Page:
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# lecture_08 - ECE 190 Lecture 08 Programming in LC-3 machine...

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ECE 190 Lecture 08 September 15, 2011 1 V. Kindratenko Programming in LC - 3 machine language Lecture Topics Programming using systematic decomposition Debugging Lecture materials Textbook Ch. 6 Homework/Projects MP1 is due next Wednesday Lab 4 is due next Monday Announcements Exam 1 is on Mon, Sept. 26 , 7-9:30pm It is designed to be a <90 minutes exam for a well-prepared student We give you up to 2.5 hours to complete it Let us know if you have a conflict by next Wednesday via a quiz on Compass Check https://wiki.engr.illinois.edu/display/ece190/Exams for updates Exams from prior years are posted here as well Exam topics include everything covered in lectures 1-9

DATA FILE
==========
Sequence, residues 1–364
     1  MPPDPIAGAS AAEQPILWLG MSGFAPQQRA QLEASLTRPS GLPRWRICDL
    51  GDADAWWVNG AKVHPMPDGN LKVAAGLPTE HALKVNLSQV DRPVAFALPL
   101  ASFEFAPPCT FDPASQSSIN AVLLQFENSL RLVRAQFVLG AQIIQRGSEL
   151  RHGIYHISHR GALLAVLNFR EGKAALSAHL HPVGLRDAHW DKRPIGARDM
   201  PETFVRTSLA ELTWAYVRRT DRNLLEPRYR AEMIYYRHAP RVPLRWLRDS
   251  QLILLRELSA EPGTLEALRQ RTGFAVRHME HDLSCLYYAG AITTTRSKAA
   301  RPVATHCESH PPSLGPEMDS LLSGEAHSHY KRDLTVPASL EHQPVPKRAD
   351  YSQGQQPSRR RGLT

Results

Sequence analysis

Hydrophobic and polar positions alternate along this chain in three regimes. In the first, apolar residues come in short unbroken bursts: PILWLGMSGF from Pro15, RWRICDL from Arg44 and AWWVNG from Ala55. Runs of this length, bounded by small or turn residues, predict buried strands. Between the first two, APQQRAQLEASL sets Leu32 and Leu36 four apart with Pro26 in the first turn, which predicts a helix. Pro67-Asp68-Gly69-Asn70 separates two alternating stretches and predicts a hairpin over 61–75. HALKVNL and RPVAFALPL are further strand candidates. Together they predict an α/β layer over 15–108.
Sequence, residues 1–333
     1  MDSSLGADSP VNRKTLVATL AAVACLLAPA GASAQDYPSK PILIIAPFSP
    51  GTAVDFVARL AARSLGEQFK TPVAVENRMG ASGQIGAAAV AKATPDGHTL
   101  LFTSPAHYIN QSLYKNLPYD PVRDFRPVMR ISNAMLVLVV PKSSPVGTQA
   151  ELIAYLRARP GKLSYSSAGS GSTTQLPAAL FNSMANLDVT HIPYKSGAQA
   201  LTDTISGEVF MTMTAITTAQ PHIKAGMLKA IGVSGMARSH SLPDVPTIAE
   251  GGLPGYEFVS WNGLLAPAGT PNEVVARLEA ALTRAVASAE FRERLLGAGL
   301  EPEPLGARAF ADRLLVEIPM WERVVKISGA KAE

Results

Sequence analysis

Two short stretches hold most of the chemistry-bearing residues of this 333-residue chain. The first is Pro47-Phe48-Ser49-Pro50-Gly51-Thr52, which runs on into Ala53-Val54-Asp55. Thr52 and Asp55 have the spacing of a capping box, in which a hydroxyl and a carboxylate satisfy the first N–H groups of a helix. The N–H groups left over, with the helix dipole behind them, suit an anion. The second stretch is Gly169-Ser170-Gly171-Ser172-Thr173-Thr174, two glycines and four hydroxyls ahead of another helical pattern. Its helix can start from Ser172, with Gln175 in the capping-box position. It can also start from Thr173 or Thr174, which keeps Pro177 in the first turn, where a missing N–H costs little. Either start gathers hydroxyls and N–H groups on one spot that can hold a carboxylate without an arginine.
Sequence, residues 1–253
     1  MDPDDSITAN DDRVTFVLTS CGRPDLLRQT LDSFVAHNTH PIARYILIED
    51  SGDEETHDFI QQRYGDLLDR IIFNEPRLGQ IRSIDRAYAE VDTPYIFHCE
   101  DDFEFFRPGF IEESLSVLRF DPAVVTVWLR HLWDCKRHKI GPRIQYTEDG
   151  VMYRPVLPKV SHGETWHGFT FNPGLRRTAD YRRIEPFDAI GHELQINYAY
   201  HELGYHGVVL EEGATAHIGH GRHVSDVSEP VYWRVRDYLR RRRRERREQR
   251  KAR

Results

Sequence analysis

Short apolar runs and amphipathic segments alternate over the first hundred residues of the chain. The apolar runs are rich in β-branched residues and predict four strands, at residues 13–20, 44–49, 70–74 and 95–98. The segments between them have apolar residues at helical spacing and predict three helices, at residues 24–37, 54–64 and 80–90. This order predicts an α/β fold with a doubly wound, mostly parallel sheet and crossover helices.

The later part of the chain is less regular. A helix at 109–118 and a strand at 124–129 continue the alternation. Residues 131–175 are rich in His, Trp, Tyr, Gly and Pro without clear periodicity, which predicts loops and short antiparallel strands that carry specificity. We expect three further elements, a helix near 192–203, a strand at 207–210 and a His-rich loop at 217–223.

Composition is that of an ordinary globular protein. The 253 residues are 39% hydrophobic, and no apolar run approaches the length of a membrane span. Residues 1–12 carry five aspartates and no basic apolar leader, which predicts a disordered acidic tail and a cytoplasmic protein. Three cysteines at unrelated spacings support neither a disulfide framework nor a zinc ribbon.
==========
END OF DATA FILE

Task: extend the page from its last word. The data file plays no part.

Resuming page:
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ECE 190 Lecture 08 September 15, 2011 2 V. Kindratenko Programming using systematic decomposition Systematic decomposition In order for electrons to solve a problem for us, we need to go through several levels of transformation to get o from the natural language in which the problem statement is initially expressed o to the level at which electrons can be manipulated to do the work for us Problem statement Algorithm Program Problem statement can be imprecise, thus, we first translate it into a precise algorithm which should have the following 3 properties: o finiteness (it terminates) o definiteness (each step is precisely stated) o effective computability (each step can be carried out by the computer) to start with the problem statement and end up with a working program, we will apply a process referred to as systematic decomposition or stepwise refinement o complex tasks are systematically broken down into simpler, smaller tasks such that the collection of these simpler tasks, or units of work, will accomplish the same as the original task o the decomposition continues until each simpler task can be implemented as just a few instructions in the programming language we use Three constructs We want to replace a large unit of work with a set of a few smaller units of work. task to be decomposed This can be done using one of the 3 basic constructs: sequential, conditional, and iterative Sequential construct o Is used when we can decompose a given task into two smaller sub-tasks, such that one